LONDON (MNI) - European investors, rocked by some of the steepest equity market declines of the year, will look to the European Central Bank for direction in the week ahead as political risks in Russia and a stalling recovery at home raise even more questions over the Bank's policy approach.
Concern has been heightened, as well, with the slippage of currency area inflation to 0.4% last month - the lowest since the depths of the global financial crisis in October 2009. With negative inflation rates reported in Spain and Greece, and slower-than-expected readings from Italy and Germany, investors are again questioning the ECB's conviction with respect to a full blow deflationary threat in the Eurozone.
The broader economic recovery, at the same time, is doing little to assuage those concerns: German business sentiment has fallen for three consecutive and manufacturing activity around the Eurozone it little changed from modest levels it reached in November of last year (Markit Economics said the gauge hit 51.8 in July, unchanged from June and below the MNI median forecast of 51.9).
Against that backdrop, investors will take their cues from the final reading of activity in the services sectors of Europe's biggest economies Tuesday, in the form of PMI data from Markit, and the first estimate of second quarter GDP growth from Italy.
The latter is likely to provide an interesting contrast to the better-than-expected 0.6% advance reported by Spain last week - a pace that's likely to lead the whole of the currency area in the three months ending in June. Italy, Europe's third largest economy (but its largest bond market) shrank by -0.1% in the first quarter of this year and will have to provide something of a later-hour surprise to avoid slipping back into its fourth recession of the last 10 years when it reports preliminary figures on Wednesday.
Another key data release for the week comes early Thursday, when Germany's statistics office updates on manufacturing output in Europe's biggest economy for the month of June. Following contracts that were larger than expected in April and May, the June reading will go some way towards indicating whether Germany can maintain its overall growth rate in the second quarter or slip back closer to mean pace of the rest of the Eurozone. If so, the consequences for the August 14 estimate of euro area GDP will be of paramount importance.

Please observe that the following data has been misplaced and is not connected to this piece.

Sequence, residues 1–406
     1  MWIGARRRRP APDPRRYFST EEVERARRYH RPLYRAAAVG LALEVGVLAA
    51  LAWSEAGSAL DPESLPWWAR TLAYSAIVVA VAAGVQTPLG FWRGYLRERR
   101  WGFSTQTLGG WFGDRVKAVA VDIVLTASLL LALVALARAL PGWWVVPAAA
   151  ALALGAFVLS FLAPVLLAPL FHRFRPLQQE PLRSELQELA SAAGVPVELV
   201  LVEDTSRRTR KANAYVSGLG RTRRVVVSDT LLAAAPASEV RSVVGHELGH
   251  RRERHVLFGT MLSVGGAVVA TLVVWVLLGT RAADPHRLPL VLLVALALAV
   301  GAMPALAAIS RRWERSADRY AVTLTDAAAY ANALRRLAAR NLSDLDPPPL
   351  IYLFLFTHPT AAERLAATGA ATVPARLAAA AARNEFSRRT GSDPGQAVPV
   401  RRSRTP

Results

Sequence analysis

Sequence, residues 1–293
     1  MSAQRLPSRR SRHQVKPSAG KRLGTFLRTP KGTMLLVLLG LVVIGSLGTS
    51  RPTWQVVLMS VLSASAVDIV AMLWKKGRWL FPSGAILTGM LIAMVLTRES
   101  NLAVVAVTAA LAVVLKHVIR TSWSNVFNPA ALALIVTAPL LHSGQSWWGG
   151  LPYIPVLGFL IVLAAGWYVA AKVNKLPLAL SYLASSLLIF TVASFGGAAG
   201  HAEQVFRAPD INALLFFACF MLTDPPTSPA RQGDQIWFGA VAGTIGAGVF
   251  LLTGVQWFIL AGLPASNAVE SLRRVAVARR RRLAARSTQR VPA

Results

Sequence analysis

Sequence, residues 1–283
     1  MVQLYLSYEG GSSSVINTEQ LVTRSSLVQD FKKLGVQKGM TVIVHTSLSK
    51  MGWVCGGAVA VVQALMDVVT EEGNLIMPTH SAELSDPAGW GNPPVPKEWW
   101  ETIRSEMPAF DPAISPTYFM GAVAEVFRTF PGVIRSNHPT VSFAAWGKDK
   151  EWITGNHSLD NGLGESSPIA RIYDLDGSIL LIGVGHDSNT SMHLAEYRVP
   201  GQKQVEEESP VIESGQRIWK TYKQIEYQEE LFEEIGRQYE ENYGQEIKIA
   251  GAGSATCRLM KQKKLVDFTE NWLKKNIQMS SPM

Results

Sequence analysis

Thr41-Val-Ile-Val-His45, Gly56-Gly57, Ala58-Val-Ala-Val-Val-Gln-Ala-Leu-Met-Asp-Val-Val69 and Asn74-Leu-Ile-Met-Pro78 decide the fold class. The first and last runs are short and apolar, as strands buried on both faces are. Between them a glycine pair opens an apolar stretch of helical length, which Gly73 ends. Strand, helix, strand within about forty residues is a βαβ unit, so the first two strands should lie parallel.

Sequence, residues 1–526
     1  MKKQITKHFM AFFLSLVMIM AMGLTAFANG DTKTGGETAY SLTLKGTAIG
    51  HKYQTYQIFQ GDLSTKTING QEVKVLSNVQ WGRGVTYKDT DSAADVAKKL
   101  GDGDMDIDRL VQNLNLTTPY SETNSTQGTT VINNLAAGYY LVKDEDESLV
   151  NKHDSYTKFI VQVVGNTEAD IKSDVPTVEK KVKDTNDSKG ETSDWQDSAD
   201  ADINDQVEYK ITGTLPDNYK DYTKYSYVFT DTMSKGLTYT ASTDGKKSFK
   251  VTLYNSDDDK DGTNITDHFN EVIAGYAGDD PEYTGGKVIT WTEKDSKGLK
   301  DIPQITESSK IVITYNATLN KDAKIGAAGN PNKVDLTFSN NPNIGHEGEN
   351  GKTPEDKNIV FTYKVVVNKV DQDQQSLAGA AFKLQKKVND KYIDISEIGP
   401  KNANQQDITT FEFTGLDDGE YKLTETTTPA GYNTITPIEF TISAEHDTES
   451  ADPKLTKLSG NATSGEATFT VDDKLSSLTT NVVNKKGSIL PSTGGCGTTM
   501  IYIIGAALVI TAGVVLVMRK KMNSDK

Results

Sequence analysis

Just how - or if - all of this will be acknowledged by ECB President Mario Draghi and his Governing Council colleagues when they meet Thursday in Frankfurt for their final rate decision of the year remains to be seen. However, it's clear from both public comments and private briefings with MNI that there is little anticipation of any policy changes this month, but rather a broader explanation of how the ECB may react if deflationary pressures become real and medium term inflation expectations become dis-anchored.
Most analysts, however, assume the Bank's September meeting will have more significance, especially given the fact that the Bank will publish updates estimates for growth and inflation in its quarterly Staff Forecasts.
That's not to say Draghi won't face testing questions with respect to both the European Union's decision to apply sweeping economic sanctions on Russia and the growing concern that European Commission President Designate Jean-Claude Junker will take a more relaxed view towards the currency area's hard-won fiscal rules when he forms his new Commission in September. He is also very likely to take questions on the financial crisis that's currently engulfing Portugal's second-biggest bank, Espirito Santo, and the fact that it's been ordered to raise billions in new capital at the same time its meant to be undergoing a rigorous Asset Quality Review and stress test run by the ECB itself under its pending authority as the region's single banking supervisor, which it assumes in November.
Owing to the ECB meeting, which begins with the traditional monthly dinner in Frankfurt Wednesday evening, there are no scheduled policy speeches from any of the Bank's Executive Board.
By Martin Baccardax.